Any way , almost every truck I know, you max out on weight well before you max out on space in the box. So i figure loosing 2x1.5x10 feet isn't gonna hurt too much. Well then I was thinking, inside that compartment would be a great place for bagged salt or liquid tanks...they would be totally protected, and if you did a gravity system, the dump box works to your advantage
     
    Last edited: Nov 18, 2010
  14. Brian Young

    Brian Young PlowSite Veteran
    Messages: 3,382

    I posted pictures a while back of our set up. It was a 300 gallon skid tank (gravity fed) and I only needed to use a Fisher 1000 for rock. I carried about 15 80 pounders at a time plus the tank and the larger Toro single stage snow blower. It all fit and worked out well. It was the best out fitted truck around, I could handle every situation.
     
  15. ajslands

    ajslands 2000 Club Member
    Messages: 2,033

    so basicaly you need to put the right amount down or it's not going to be right? Sounds like too much makes it slipery and too little makes it bare.


    I think I'll just stay with rock salt. Thanks for the info.
     
  16. elite1msmith

    elite1msmith 2000 Club Member
    from chicago
    Messages: 2,762

    its not too hard, but you do have to try it out, calibrate your rig, and be a little bit of a chemist

    heres what i never understood - if some one could help me out

    they mix the stuff up so that it has the lowest possible freexing point, brine for example i think is in the market of 23%? however when sprayed on the ground it then has to mix with water in the snow and it deloots out. hence the reason that liquid is limited in what it can do

    SO WHY DO THEY NOT MAKE A BRINE OR LIQUID THAT IS around 35% for example, assuing that it will delute when hitting the pavment.

    yes im aware that would leave alot grit in the bottom ouf your tank, you might need bigger nozzels, and things along this line, im aware that in the storage state it has a higher freezing point, but if it works better isnt that a bonus and worth the trade off?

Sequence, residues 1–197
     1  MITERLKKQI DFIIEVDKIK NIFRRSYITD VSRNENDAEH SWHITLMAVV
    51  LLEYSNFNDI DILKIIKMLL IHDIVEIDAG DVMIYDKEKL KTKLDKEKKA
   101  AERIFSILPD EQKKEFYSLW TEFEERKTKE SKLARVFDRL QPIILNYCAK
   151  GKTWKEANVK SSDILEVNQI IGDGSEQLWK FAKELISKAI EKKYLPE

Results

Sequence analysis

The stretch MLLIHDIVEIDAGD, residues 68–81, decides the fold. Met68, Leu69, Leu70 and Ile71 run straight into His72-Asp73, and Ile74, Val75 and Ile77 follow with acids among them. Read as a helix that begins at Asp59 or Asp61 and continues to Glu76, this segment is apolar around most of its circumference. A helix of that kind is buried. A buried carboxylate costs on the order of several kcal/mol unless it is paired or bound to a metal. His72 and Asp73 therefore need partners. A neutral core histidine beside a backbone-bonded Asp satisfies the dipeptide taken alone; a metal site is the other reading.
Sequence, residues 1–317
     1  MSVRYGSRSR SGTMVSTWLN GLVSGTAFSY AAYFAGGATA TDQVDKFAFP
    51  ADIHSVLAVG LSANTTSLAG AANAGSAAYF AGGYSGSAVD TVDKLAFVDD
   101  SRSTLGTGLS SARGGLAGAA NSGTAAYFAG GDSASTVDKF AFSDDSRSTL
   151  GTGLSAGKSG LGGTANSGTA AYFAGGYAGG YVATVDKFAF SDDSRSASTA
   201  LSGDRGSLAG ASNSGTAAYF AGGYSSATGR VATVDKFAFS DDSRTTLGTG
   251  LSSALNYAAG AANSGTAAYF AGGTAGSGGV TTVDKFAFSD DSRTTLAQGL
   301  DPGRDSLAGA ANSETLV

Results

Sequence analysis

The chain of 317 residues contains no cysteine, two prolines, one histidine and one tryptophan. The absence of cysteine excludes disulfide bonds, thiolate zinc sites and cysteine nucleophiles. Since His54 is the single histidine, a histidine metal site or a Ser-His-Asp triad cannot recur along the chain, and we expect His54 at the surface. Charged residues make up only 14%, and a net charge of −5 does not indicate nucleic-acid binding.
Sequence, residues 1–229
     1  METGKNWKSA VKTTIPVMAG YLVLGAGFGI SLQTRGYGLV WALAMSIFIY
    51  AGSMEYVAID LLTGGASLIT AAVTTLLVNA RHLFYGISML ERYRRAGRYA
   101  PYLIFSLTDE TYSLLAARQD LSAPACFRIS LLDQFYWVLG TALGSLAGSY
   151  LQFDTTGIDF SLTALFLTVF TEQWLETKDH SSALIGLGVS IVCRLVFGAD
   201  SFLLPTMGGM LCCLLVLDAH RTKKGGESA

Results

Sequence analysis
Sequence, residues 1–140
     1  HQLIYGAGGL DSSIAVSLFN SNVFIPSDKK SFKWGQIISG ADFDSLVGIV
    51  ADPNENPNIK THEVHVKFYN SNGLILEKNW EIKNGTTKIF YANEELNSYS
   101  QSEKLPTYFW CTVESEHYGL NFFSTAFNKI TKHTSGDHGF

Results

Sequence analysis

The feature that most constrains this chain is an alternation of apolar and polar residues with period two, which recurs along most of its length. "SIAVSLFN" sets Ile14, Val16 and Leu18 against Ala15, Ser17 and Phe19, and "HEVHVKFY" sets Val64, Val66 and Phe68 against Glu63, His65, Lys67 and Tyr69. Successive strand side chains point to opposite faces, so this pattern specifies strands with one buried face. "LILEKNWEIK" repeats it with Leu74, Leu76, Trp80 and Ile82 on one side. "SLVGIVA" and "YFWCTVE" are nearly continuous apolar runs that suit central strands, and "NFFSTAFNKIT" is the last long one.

17. TCLA

    TCLA 2000 Club Member
    Messages: 2,699

    Salt is king no matter how you slice or dice it. Liquids are not new, they have been around for a long time. elite is very correct in his post....most got into it out of desperation 3 years ago.



    We are now back to where salt is cheaper to use than this comparison. At least around here no one is paying $80.00 per ton to get it.

    Unless you are talking about the acetates, the down sides to the most commonly affordable liquids can be harsh and difficult to overcome when using liquid alone. Treating your bulk with liquid is the best use of it.
     
  18. ForestEdgeSnow

    ForestEdgeSnow Senior Member
    Messages: 136

    I have been doing some experments at home and I beilve water has reached it's solubility for salt at 23%. The water moloucole can only hold so much sodium chloride. To answer your question. I have been running magniusm chloride and sodium chloride blend in the solid form. I probably put out $150 worth of material the other day in an Ice storm and if I could reduce my cost to $40 an application I am saveing $2000 a year. Plus the cost of a set up is way cheaper then a spreader. If I have a spreader in one truck and My questions is if soduim chloride is 23% and you want to add calcium chloride what is the solubility of cc with soduim chloride brine.
     
  19. elite1msmith

    elite1msmith 2000 Club Member
    from chicago
    Messages: 2,762

    correct it will only hold so much , but then why not just have it flow out like a slury? sure some small salt will not be totally desolved into the water, but could it not still allow those smaller particles to flow out and then mix with the snow on the ground?
     
  20. elite1msmith

    elite1msmith 2000 Club Member
    from chicago
    Messages: 2,762


    as stateed in my post above, liquid has very little effect in an ice storm, it deluts out to quickly and your better with solid form. it sounds like your using bagged salt. so yes the liquid app would be cheaper, just know its limitations, and that sits only really effect and good for 50% of storms. you need to be able to spread rock salt the other 50% or spray a heck of alot of liquid